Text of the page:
The right to an attorney is one of our most fundamental constitutional privileges. Yet a study byFirst Star, a leading national advocacy group for children’s rights, concluded that only half of our states currently provide legal representation to children in dependency and foster care court proceedings. Even more disturbing, the study found that the legal protections afforded to abused and neglected children are weaker and less consistent than those furnished to common criminals and the children’s abusers. In fact, criminals are provided an attorney free of charge in every state of the union.
First Star’s comprehensive report, a Child’s Right to Counsel (2012), surveyed “whether and how each state’s laws mandated effective legal representation for maltreated children” and issued each state a report card: Washington state received an F. Yet this flunking grade will improve as of July 1, 2014 due to the passage of Senate Bill 6126 that was signed into law by Governor Jay Inslee.
The new legislation requires courts to appoint attorneys for children in dependency proceedings six months after the parent-child relationship is terminated and when there is no remaining parent with parental rights. The state is also required to pay for the child’s attorney, although this is subject to the availability of funds appropriated for the legislation. (More on this later).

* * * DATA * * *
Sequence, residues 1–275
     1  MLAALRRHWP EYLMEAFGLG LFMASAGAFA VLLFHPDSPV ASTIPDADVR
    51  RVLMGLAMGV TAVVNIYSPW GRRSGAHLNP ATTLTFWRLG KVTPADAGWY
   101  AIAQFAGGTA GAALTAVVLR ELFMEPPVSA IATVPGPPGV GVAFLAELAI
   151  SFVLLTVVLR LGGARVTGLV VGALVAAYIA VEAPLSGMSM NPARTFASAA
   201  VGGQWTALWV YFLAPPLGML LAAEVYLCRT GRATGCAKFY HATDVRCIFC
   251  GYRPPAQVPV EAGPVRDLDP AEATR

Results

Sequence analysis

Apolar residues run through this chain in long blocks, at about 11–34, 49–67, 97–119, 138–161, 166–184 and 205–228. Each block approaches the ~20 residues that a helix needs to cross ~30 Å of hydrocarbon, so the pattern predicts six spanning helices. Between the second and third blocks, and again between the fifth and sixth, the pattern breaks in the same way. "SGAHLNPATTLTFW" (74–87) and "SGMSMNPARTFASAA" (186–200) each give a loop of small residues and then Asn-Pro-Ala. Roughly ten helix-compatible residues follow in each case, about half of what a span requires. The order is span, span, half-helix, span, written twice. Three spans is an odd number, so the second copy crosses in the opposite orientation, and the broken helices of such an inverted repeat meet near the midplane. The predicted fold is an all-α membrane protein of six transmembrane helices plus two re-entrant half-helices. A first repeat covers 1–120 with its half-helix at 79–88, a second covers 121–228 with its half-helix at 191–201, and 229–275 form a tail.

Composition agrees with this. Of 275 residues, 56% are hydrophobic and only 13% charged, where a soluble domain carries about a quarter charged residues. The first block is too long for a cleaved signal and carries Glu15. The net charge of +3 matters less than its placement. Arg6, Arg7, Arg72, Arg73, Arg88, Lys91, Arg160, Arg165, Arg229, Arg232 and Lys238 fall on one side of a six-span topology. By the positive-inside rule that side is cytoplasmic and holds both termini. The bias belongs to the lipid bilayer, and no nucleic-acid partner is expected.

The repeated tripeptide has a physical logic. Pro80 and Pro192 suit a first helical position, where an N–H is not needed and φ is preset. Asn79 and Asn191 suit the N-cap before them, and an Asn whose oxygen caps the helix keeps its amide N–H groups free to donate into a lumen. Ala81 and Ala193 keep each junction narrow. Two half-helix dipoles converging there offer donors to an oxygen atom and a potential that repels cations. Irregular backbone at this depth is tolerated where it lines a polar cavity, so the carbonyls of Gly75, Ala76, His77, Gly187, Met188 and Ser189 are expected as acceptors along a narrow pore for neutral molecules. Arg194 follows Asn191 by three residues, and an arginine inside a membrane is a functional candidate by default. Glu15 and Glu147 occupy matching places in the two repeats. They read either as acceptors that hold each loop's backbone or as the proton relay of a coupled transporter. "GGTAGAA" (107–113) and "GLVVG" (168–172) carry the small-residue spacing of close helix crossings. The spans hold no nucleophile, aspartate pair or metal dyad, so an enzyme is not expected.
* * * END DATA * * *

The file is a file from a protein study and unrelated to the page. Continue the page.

The bill is important because studies show that kids navigate the foster care system better, are more likely to stay out of trouble and save the state money when they have legal representation. Attorneys can also help shorten the child’s time in foster care and improve their chances of finding a permanent home. The new legislation provides significant gains for the roughly 10,000 children in our state’s foster care system.